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The Curious Case of Benjamin Button (2009) Director David Fincher 8 February 2009

Posted by jordanfarley in Uncategorized.

I have been awaiting Benjamin Button for some time now with equal parts anticipation and trepidation. Anticipation for the arrival of another David Fincher film in cinemas and trepidation because it looked like such a radical departure from his previous dark, edgy masterpieces. There was one thing we all knew for sure that Benjamin Button would be and that was beautiful, but does this tale of a man aging backwards live up to Fincher’s formidable talents? Unfortunately no.

The story itself is loosely based on an F. Scott Fitzgerald short story in which the eponymous Benjamin is born an old man (though the size of a baby, which doesn’t make sense within the film’s logic where Benjamin getting younger and thus smaller) and gradually gets younger, fitter and more handsome. While those around him suffer from the effects of a worn out body Benjamin gets that out of the way in the first few decades of his life rather than the last. To paraphrase Fincher the film presents the audience with the unexceptional life of an extraordinary man, and it is perhaps this which is Benjamin Button’s biggest failing.

The plot itself, for such a fantastic conceit is surprisingly dull. Very little of interest happens throughout the course of Benjamin’s life. Of course one could argue that just because Button doesn’t take a Forrest Gumpesque tour through all the major historical events of his lifetime doesn’t mean the ‘normal’ events of his life are inconsequential (they certainly aren’t), but I had a very real sense of ‘so what’ for much of Benjamin Button’s mammoth screen time. In fact the highlight of the film for me came at the time of Benjamin’s death as a young child. Horrifying, upsetting and genuinely affecting it’s bizarre to say that the death of the main character is the best part of a film but Fincher handles dark so much better than twee and saccharine that it’s hardly surprising.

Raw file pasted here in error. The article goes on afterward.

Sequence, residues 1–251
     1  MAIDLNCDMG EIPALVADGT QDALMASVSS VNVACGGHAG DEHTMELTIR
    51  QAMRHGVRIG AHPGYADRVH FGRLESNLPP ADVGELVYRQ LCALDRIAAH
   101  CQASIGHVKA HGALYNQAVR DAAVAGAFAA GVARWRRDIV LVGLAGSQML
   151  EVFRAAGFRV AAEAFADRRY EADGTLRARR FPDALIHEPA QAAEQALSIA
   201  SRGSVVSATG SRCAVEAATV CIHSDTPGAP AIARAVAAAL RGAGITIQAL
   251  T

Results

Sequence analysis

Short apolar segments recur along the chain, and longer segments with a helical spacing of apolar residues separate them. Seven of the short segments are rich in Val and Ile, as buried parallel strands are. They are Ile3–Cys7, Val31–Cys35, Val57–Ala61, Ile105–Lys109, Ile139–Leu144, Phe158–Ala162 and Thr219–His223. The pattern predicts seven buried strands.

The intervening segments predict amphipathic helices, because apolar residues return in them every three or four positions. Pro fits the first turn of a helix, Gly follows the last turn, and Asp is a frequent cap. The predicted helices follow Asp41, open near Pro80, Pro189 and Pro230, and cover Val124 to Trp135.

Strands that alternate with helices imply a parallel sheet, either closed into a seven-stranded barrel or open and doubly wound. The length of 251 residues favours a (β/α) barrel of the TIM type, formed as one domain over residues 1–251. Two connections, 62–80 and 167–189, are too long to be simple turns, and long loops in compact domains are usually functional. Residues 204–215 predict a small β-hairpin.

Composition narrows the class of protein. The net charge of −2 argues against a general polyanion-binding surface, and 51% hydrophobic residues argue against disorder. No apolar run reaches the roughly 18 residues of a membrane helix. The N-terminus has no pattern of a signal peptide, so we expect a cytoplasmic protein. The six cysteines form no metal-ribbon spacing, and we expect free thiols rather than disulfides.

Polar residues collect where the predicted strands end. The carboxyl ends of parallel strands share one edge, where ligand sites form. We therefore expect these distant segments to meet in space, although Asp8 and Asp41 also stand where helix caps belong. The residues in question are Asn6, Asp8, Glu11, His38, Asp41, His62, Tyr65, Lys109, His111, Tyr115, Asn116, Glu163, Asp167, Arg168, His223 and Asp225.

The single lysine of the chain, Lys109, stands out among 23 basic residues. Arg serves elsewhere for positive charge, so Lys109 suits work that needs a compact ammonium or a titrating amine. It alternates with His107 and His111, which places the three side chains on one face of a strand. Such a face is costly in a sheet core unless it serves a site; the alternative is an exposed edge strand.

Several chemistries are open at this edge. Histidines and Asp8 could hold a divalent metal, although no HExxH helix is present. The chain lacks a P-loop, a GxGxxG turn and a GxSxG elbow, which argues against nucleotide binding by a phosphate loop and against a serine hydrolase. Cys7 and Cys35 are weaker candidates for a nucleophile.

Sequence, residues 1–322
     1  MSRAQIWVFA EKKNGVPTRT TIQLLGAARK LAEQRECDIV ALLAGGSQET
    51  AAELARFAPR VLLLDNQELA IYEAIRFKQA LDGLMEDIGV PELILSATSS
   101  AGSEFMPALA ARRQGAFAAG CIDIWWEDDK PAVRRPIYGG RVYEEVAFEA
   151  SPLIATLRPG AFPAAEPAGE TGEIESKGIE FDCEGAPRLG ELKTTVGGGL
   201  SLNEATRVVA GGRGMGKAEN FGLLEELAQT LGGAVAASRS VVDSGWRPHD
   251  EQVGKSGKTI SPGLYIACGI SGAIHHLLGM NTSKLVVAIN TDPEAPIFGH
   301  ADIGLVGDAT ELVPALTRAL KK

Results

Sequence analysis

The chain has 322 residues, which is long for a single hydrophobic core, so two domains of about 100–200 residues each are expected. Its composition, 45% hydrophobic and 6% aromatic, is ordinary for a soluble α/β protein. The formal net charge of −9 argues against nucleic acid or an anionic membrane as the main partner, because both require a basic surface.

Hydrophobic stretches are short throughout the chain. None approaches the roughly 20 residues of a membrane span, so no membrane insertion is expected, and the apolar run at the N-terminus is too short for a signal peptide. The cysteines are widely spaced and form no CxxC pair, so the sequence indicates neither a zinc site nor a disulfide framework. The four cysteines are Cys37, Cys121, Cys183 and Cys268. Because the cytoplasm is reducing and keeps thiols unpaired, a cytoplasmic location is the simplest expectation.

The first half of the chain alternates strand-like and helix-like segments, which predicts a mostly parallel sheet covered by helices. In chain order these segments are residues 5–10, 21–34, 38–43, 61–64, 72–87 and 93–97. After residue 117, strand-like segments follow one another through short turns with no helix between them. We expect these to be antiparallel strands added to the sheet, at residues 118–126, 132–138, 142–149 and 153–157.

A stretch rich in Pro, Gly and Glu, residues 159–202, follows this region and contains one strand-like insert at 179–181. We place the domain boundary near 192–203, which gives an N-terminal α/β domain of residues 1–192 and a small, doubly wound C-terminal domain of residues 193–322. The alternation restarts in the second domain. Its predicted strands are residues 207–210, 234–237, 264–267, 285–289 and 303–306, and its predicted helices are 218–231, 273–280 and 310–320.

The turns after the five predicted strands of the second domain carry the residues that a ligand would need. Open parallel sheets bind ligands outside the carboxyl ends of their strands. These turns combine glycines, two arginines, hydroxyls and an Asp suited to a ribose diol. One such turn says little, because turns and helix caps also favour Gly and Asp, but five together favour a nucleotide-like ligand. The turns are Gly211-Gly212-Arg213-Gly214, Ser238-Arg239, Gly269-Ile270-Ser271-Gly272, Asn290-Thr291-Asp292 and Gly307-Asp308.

The easiest way to sum up the film is as a much better looking but duller Forrest Gump. The two films share a screenwriter in Eric Roth and the similarities are obvious even down to the catch phrases of the two films ‘you never know what you’re gonna get’ and ‘you never know what’s coming for ya’. It’s not a real problem but you will get a serious case of deja vu throughout Benjamin Button.

The large cast all do a pretty sterling job with what they’ve got. The two leads Brad Pitt and Cate Blanchett do as much as one would expect from actors of their calibre, but no more. It’s also questionable how much of the performance can be labelled Pitt’s as other actors portray old man Benjamin (with Pitt’s face digitally transposed completely convincingly on top) for a great deal of the film’s run time. Taraji P. Henson also stands out as Benjamin’s adoptive mother Queenie, though the strong black New Orleans mother figure is a character we have seen countless times before.

Where the film really shines however is in its technical execution. Fincher has done some of the best work of his career here. There’s not a shot in the entire 166 minute running time that isn’t beautiful to look at. The visual effects are nigh on perfect for how complicated they must have been (though there are a few dodgy moments and the ‘smoothing’ effect making Pitt and Blanchett look younger still looks as bad as it did in X-men 3 when the technique was used to make Ian Mckellen and Patrick Stewart de-age). The music as well is at times touching but doesn’t really help add any dramatic weight to events or move perceptions on from this being an account of a relatively unexceptional life told in an almost unbearably sweet way.

Fincher then comes off best out of all this. There is no doubt he is one of the most talented film makers working in Hollywood today and after this technical marvel let down by a dull screenplay we all hope he returns to the edgy dark material he is perfectly suited for.



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